On 5th August 2021, UYAHF in partnership with the Moroto District health office organized a one-day coordination meeting and smart advocacy capacity building training for mapped youth-led and youth-serving organizations in Moroto district.

The training among others, aimed at building capacities of the youth leaders in SMART advocacy and accountability, research and evidence generation, communication, documentation, and coordination; as well as creating an opportunity for learning and sharing among the mapped youth-led and youth-serving organizations.

During the training, UYAHF Officers Nakkazi Joan and Nakato Joyce oriented participants on UYAHF mandate; youth challenging barriers and biases to SRHR, and then built their capacity on SMART advocacy.

The one-day meeting and training attracted 18 participants including CSO, Youth-led and youth-serving organizations and it was graced by the Moroto district D.H.O and the Biostatistician.

The participants included nine males and nine females. 14 of the 17 were young people between the age of 20-35 while 3 were adults between the age of 36-65 years.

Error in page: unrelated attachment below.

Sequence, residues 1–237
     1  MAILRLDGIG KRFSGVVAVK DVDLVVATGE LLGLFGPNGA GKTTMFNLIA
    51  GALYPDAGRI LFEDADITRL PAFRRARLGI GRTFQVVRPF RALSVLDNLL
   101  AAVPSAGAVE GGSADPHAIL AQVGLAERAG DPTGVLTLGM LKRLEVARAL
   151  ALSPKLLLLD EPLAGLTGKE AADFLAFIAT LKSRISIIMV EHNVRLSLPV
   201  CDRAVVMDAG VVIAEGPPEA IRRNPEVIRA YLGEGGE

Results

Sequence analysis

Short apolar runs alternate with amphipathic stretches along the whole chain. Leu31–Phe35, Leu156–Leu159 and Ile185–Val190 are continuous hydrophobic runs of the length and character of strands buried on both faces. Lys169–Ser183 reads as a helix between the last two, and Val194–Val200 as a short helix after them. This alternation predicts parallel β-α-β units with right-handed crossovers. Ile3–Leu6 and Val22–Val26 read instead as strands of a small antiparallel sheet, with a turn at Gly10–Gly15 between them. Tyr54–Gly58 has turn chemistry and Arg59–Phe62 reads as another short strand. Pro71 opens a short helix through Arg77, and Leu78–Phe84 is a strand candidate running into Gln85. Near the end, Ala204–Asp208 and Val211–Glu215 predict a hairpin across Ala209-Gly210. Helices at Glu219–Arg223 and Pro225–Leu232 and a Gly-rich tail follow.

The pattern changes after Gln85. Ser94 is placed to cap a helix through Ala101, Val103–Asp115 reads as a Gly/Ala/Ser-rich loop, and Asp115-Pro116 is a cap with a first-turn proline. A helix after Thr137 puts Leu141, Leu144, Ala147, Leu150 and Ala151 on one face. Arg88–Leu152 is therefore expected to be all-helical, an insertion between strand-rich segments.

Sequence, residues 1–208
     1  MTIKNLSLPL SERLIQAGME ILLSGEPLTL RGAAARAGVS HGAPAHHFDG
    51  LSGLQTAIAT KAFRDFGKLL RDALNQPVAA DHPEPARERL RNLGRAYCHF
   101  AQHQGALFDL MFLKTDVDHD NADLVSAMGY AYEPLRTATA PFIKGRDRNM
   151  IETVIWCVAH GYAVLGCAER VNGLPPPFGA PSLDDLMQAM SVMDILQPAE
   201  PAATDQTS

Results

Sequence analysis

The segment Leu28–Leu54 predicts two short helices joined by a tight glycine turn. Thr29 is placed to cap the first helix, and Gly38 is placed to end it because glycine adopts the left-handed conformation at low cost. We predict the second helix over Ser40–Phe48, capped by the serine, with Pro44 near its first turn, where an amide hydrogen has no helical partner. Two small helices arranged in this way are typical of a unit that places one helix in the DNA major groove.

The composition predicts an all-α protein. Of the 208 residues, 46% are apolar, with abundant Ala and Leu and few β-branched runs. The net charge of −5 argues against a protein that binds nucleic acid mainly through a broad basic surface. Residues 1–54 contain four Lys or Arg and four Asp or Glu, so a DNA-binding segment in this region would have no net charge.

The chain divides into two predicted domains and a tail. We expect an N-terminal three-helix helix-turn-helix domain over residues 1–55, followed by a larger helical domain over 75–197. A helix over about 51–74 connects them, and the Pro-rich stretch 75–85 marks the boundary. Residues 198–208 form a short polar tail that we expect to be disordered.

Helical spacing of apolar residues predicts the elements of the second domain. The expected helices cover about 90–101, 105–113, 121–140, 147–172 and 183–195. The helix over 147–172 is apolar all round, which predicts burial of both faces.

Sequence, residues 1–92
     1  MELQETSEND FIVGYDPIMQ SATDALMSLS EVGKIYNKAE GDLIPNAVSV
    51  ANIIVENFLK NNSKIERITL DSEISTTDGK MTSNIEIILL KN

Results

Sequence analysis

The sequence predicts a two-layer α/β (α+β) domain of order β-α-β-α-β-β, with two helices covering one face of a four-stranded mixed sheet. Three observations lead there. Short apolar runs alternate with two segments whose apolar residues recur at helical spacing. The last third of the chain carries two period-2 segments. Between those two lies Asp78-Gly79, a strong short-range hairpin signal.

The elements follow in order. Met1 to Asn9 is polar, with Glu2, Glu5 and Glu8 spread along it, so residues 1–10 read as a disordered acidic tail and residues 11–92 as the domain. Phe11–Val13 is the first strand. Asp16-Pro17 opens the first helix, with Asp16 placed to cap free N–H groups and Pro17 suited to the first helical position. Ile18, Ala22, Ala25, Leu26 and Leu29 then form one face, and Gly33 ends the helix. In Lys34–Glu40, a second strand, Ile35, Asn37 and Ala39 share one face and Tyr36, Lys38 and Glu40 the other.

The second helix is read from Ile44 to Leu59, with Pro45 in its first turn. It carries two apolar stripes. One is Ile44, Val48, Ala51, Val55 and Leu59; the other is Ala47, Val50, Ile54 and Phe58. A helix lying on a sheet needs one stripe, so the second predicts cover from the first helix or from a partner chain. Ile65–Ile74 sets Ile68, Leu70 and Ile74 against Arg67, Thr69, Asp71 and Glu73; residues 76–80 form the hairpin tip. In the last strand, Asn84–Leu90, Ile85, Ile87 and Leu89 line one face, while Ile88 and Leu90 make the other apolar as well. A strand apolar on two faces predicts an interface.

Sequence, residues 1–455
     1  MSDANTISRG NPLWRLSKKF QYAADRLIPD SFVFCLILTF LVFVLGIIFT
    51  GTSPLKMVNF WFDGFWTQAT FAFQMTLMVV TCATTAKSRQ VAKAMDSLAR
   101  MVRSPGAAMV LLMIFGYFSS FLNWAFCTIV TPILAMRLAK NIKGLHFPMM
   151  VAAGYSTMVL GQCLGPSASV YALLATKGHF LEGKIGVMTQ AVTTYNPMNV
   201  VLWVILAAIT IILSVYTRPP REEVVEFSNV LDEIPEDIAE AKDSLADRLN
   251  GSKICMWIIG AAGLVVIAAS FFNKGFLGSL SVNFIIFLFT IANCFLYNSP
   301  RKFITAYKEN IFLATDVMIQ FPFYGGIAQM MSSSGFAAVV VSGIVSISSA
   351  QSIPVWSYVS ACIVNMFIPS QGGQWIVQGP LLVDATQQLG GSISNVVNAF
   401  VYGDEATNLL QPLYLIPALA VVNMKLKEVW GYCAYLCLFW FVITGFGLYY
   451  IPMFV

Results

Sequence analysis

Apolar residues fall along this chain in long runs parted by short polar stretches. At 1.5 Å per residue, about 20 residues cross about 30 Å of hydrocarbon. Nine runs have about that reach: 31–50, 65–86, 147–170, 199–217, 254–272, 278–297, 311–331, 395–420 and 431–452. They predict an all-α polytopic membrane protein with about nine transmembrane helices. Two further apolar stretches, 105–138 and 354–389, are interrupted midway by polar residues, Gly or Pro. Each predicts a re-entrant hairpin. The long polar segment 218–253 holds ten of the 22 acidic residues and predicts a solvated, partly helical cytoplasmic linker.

After the session, the excited participants rated SMART advocacy as a good approach to enhance their abilities to support advocacy for many young people-related issues in Moroto.

Following the training, participants reported to have gained confidence in SMART advocacy with 9 mentioning they were confident to set SMART goals and objectives; 3 stated techniques of SMART advocacy and campaigning, 4 stated reasons for SMART advocacy and how to ensure SMART goal and objectives while one said it was a new concept which is liked and will embrace to build confidence with time.

The Participants further committed to using the knowledge and skills gained in their communities to advocate against SRHR related challenges including essential and life-saving SRHR services like preventing unsafe abortions and post-abortion care, existing harmful cultural practices such as FGM and the consistent high teenage pregnancies that have been caused by cultural believes, parental negligence and COVID-19 lockdown.